Having recovered from his adventures in Japan, Bob Lee Swagger is doing so well that he knows something bad is going to happen. Sure enough, his older daughter, a reporter in Bristol, Tennessee/Kentucky, is the target of a hired killer who calls himself Sinnerman and who specializes in killing by auto. She survives the accident, but she's in a coma. You don't mess with Bob Lee's daughter and get off lightly. Bob Lee goes to Bristol, where everybody underestimates him. They think he's just some hapless gray-haired old goober. Boy, are they wrong.
This book is Stephen Hunter's love song to NASCAR. Lots of car stuff along with the usual ton and a half of gun stuff. Hunter, what with his having been a movie critic for so long, must just naturally think visual terms. The climactic firefight in the novel is definitely made for the big screen. He even casts the movie: Clint Eastwood as Bob Lee, Kevin Costner (the evil one) as the Sinnerman, Tommy Lee Jones as Papa Grumley.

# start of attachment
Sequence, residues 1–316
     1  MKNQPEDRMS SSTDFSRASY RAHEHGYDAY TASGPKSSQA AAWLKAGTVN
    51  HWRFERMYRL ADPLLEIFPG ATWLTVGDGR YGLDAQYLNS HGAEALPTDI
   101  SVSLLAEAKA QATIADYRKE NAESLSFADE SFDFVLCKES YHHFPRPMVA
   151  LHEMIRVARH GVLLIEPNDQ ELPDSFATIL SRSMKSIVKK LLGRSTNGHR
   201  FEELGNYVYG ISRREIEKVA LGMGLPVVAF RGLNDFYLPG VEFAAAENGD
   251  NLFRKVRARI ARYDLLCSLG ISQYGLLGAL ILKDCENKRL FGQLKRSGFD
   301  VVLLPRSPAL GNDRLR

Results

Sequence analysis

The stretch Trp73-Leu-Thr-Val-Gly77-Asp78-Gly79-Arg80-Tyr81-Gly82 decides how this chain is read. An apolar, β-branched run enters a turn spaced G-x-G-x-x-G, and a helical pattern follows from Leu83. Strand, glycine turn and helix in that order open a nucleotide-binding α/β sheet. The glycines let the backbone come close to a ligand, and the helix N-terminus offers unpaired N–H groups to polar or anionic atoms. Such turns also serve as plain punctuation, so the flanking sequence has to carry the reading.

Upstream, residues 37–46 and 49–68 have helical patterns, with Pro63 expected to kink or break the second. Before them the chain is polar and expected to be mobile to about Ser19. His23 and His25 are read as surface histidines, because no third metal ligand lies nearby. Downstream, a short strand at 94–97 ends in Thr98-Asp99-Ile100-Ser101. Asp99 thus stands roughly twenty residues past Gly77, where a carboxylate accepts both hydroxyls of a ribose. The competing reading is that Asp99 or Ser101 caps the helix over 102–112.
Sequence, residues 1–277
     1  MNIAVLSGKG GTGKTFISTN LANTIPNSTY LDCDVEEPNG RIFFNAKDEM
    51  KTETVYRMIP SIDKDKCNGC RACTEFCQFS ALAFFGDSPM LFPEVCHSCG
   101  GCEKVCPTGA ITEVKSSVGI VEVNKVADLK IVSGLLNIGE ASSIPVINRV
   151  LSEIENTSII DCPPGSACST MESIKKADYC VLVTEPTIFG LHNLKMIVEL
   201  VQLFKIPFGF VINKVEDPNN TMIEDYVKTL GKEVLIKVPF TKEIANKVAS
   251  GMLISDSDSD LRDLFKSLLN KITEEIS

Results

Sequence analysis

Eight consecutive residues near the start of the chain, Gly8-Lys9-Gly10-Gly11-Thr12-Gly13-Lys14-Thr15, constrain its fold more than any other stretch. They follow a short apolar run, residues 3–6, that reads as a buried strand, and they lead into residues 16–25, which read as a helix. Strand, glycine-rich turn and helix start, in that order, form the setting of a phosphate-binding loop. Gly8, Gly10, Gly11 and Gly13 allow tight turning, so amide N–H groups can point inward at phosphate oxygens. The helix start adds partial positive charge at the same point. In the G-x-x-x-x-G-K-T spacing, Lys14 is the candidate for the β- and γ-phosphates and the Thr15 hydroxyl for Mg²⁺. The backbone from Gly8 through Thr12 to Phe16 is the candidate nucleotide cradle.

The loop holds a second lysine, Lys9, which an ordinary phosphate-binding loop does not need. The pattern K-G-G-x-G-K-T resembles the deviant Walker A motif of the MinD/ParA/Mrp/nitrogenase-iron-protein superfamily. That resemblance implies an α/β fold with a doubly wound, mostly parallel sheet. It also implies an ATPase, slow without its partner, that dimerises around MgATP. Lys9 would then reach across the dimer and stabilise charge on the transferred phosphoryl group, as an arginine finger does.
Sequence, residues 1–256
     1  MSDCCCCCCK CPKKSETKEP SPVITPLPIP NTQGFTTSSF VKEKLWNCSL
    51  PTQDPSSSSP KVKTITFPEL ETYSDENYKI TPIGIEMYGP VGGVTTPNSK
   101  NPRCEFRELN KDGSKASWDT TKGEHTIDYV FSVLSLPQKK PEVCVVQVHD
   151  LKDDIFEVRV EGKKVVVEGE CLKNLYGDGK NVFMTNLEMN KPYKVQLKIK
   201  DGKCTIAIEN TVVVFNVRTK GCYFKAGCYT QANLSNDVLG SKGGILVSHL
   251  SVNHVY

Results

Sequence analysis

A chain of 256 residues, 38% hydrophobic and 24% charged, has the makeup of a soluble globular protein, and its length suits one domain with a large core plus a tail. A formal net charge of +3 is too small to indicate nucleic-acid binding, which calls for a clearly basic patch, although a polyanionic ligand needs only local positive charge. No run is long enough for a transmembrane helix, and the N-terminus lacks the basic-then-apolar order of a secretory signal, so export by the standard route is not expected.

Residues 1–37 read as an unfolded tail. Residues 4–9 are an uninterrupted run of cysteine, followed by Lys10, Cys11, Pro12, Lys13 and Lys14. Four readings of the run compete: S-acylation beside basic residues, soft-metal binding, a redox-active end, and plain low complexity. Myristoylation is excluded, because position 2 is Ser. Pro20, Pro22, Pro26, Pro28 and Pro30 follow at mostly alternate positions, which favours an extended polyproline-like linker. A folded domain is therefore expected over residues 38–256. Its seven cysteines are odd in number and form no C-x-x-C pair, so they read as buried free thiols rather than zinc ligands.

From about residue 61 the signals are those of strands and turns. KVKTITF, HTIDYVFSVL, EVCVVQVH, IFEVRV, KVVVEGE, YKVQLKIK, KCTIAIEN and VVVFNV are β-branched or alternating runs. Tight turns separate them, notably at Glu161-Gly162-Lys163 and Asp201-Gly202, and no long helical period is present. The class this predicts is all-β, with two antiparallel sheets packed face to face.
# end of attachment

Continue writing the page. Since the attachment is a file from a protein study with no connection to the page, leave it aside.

This book is a far cry from Point of Impact, the first one with Bob Lee. It's not just that Swagger is older. It's a whole different thing, so far over the top that it's hard to suspend disbelief. It's also comic. The Grumleys might be a criminal clan, murderous and deadly, but they're also funny, especially Papa. Hunter appears to be trying to conceal the identity of "the boss" behind the goings-on, but anybody who's read a single thriller or mystery novel will have it figured out almost instantly. There are some "surprise" developments that come pretty much out of left field, so obvious that they seem like last-minute additions.
Fans of Hunter and Bob Lee Swagger probably won't be disappointed in the book, but, as I said, it's a far cry from Point of Impact.